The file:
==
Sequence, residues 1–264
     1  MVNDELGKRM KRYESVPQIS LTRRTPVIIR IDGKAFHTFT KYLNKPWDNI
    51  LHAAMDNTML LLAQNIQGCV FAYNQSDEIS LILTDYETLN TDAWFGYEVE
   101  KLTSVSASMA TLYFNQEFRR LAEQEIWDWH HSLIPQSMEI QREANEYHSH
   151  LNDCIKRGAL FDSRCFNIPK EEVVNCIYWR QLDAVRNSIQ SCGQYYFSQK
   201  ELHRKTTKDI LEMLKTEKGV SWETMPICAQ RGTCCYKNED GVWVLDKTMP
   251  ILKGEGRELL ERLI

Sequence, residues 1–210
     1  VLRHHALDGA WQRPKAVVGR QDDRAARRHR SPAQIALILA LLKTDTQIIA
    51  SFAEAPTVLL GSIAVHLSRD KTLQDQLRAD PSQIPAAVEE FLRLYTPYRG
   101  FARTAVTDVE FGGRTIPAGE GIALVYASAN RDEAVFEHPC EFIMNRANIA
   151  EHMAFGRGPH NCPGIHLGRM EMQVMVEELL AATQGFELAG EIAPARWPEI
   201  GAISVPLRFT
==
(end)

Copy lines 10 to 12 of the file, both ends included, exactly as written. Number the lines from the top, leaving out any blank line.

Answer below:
    51  SFAEAPTVLL GSIAVHLSRD KTLQDQLRAD PSQIPAAVEE FLRLYTPYRG
   101  FARTAVTDVE FGGRTIPAGE GIALVYASAN RDEAVFEHPC EFIMNRANIA
   151  EHMAFGRGPH NCPGIHLGRM EMQVMVEELL AATQGFELAG EIAPARWPEI